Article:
Peer-to-peer XBoard connection

Connecting two XBoard GUIs directly over a network

P2P is an adapter that can run under a GUI as a WinBoard engine, in order to provide a peer-to-peer connection through another GUI (using the same adapter). This then allows you to play games without mediation of an Internet Chess Server.

To use P2P, install it (i.e. p2p.exe) as a (v2) WinBoard engine in your GUI. The engine command does not need any parameters, but an IP address as last parameter will make it automatically seek a connection to the specified host computer at startup, without becoming a server itself. With additional arguments "-p portnr" you can alter the port on which it listens to incoming connections. (Default port number is 27015.)

After starting the GUI and loading p2p.exe as (first) engine, it sets itself up as server (you might have to open firewalls and set up port translation on your router or modem to make it reachable from the outside world!). You can make connection to such a p2p server elsewhere by opening the GUI's Engine Settings dialog to see the p2p options. There you then type the IP address of the machine you want to connect to, and press the Connect button. A GUI popup should then inform you if the connecting succeeded.

After a connection has been made, you can start playing against the 'engine', which in fact now is the remote opponent. So if you want him to play white, you order the engine to play white, and if you want to play white yourself, you just play a move. If the opponent beats you to it, his color proposal (and possibly chosen variant) will be presented to you in a GUI popup. You can then comply, or reject his proposal by ignoring it and starting a different game (which will then be put to him as a proposal, etc.)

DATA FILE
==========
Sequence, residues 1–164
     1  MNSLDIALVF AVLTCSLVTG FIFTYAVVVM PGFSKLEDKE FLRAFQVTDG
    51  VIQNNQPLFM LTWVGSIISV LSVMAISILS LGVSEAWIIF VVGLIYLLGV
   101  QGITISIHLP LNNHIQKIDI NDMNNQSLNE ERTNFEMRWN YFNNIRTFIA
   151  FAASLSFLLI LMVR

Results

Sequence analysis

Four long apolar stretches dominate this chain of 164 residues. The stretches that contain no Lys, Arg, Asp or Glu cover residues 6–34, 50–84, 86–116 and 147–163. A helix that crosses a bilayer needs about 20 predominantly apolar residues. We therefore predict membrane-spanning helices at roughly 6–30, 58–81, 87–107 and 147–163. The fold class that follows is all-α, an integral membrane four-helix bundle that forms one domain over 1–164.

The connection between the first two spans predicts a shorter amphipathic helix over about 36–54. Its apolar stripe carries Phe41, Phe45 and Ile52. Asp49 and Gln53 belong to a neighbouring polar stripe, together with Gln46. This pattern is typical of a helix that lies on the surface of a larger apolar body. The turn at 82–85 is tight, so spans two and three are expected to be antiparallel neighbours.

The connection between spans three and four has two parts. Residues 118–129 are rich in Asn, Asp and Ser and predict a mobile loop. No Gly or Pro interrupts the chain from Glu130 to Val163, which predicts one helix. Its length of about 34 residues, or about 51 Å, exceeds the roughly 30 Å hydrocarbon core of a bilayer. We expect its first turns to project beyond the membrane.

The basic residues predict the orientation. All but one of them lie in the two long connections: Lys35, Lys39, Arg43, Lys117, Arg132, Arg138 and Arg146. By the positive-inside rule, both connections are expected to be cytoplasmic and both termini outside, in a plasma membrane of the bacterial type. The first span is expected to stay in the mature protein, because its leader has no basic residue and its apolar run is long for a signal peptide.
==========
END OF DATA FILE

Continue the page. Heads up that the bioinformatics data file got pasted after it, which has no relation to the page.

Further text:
After a proposal is accepted (by complying with the settings), the game can proceed through exchange of moves. You can exchange text messages by using the 'Send line' button in the Engine Settings dialog of p2p: if you first wrote a Chat line in that same dialog it will be sent (and appear as 'engine ouput' on his side), while if you leave that line empty, the GUI will prompt you for a text line in a separate popup.

Taking back a move can be a bit cumbersome, because most GUIs don't allow takeback during your opponent's move. So if the opponent takes back, it must be his turn (he did not like your reply to his move...), and you will have to step back two ply through the game by hand, use Truncate Game to clip off these moves, and then restart the game against the engine (as the editing of the game usually puts the engine back in force mode).